There are five Golden Leaves in Link's Awakening. Richard asks Link to go find his Golden Leaves he lost when he had to flee Kanalet Castle after his servants went mad. After Link retrieves all five Golden Leaves, he will give them to Richard in return for the Slime Key.

Piece of Heart

Piece of Heart - LA93 art.png
Main article: Piece of Heart

A total of twelve Pieces of Heart can be found in the game. For every four Link has obtained, he will gain another heart to his health. A total of three hearts will be added if he collects all twelve of them hidden throughout the island.

Secret Medicine

LA Secret Medicine Art.png
Main article: Secret Medicine

Link can buy the Secret Medicine from Crazy Tracy who lives near Manbo's Pond. She will sell some to Link for 27 Rupees. He can also find them in some treasure chests in the later dungeons. This medicine restores Link's life automatically after he dies. It is recommended Link saves the Secret Medicine for the later battles or the battle against The Shadow Nightmares.

Secret Seashell

LA Secret Seashell Art.png
Main article: Secret Seashell

There are 26 Secret Seashells total scattered across Koholint Island. When Link has found 20 of them, he should go to the Seashell Mansion located near Kanalet Castle. His reward will be the Koholint Sword, which is stronger and shoots beams out when Link has full health. Also, after Link finds 20 Secret Seashells and gets the Koholint Sword, the other six Link doesn't find will disappear.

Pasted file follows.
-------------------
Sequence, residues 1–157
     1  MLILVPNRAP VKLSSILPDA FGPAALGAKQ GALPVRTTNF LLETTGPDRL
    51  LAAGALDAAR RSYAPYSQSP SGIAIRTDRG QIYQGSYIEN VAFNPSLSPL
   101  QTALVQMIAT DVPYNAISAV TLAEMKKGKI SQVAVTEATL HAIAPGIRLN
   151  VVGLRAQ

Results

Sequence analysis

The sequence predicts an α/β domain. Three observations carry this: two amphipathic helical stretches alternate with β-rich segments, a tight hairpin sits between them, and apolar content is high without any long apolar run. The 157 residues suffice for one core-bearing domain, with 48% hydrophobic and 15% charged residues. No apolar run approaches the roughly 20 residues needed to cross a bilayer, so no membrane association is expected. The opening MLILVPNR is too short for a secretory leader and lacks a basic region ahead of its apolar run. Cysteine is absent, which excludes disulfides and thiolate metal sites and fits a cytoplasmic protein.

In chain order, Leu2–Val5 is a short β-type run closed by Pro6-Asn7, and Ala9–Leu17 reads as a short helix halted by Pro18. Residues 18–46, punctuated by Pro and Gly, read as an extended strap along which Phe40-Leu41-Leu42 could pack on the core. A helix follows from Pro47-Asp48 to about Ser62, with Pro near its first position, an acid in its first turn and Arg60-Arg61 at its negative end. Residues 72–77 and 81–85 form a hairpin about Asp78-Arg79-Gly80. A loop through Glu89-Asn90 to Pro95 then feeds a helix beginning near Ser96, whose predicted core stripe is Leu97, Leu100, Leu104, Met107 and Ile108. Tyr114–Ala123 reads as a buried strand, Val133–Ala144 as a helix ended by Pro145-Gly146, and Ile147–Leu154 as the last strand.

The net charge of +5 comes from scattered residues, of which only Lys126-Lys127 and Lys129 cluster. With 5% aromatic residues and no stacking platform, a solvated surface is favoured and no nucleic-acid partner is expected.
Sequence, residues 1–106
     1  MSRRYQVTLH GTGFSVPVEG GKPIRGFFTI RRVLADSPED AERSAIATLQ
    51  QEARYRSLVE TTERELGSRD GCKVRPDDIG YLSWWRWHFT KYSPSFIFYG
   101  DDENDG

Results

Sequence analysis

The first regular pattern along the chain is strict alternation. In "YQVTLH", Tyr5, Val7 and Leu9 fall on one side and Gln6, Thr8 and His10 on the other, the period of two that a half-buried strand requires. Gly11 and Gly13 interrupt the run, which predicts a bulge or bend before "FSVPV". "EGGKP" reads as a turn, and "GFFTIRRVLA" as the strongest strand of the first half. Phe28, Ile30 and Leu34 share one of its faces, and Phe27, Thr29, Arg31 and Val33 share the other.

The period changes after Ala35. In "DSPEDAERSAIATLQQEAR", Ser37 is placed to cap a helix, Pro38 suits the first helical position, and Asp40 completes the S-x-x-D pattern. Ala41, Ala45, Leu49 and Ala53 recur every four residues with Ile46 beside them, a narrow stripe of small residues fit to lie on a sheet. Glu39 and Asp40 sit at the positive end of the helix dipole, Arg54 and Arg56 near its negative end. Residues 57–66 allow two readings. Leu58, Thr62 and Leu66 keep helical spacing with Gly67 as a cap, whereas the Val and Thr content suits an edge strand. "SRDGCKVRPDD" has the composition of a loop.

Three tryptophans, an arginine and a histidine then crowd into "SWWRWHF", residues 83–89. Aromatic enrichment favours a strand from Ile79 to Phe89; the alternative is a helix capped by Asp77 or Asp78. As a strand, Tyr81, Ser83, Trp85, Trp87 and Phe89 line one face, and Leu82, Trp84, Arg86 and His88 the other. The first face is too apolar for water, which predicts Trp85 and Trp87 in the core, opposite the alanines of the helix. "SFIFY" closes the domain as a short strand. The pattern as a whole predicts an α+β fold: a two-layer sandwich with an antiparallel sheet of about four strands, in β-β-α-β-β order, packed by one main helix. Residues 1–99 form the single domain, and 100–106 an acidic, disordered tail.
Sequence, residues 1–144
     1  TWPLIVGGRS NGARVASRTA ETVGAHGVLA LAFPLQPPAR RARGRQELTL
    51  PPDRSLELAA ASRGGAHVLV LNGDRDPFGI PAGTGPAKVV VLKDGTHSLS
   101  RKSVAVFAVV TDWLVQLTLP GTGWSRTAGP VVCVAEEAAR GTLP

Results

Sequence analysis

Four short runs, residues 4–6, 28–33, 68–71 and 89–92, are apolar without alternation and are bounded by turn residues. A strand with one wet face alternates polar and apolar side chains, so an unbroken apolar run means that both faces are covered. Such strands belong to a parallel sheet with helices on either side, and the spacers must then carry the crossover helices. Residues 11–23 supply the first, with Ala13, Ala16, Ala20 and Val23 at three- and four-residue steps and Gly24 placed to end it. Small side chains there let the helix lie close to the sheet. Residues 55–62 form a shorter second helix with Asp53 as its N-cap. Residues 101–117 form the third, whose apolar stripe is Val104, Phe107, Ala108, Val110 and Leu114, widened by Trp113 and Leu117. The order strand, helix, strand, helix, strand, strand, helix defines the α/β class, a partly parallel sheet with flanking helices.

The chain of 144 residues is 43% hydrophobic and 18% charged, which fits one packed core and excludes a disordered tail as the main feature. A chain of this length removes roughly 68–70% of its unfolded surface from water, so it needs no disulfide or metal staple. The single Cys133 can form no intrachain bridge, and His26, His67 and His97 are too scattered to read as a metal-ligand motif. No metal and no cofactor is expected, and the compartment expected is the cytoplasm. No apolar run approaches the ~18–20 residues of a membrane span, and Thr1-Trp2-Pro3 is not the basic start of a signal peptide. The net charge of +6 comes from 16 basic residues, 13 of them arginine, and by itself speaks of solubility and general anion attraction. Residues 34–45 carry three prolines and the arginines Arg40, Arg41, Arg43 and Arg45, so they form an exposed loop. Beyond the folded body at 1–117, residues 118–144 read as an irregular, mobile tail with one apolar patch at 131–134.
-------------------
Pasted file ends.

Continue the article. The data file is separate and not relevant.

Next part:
Sleepy Toadstool

LA Sleepy Toadstool Art.png
Main article: Sleepy Toadstool

The Sleepy Toadstool is found deep within the Mysterious Forest. Once Link has found the Sleepy Toadstool, he should take it to Syrup the Witch and she'll make Magic Powder out of it.

Red Tunic

RedTunic.png
Main article: Red Tunic

The Red Tunic can be found at the end of the Color Dungeon. Link can choose between this tunic and the Blue Tunic. This tunic gives Link more attack power overall, practically making all enemies and some bosses health cut down by a half of what it was before. Once he has picked the Red Tunic, Link cannot go back and change his mind for the blue one.

Blue Tunic

BlueTunic.png
Main article: Blue Tunic

The Blue Tunic can be found at the end of the Color Dungeon. Link can choose between this one and the Red Tunic. This tunic gives Link more defense overall, practically doubling his health. Once Link has picked the Blue Tunic, he cannot go back and change his mind for the red one.

Eight Instruments of the Sirens

Full Moon Cello

Full Moon Cello.png
Main article: Eight Instruments of the Sirens#Full Moon Cello

Conch Horn

Conch Horn.png
Main article: Eight Instruments of the Sirens#Conch Horn

Sea Lily's Bell

Sea Lily's Bell.png
Main article: Eight Instruments of the Sirens#Sea Lily's Bell

Surf Harp

Surf Harp.png
Main article: Eight Instruments of the Sirens#Surf Harp

Wind Marimba

Wind Marimba.png
Main article: Eight Instruments of the Sirens#Wind Marimba

Coral Triangle

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Main article: Eight Instruments of the Sirens#Coral Triangle

Organ of Evening Calm

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Main article: Eight Instruments of the Sirens#Organ of Evening Calm

Thunder Drum

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Main article: Eight Instruments of the Sirens#Thunder Drum

Dungeon

Compass

Compass.png
Main article: Compass

Like most Zelda games, one Compass can be found in each dungeon. It lets Link see where all of the treasure chests are, as with the Nightmare's lair on the map when the game is paused. Also, it will make a beep tone-like sound whenever Link enters a room that has a Small Key or the Nightmare's Key.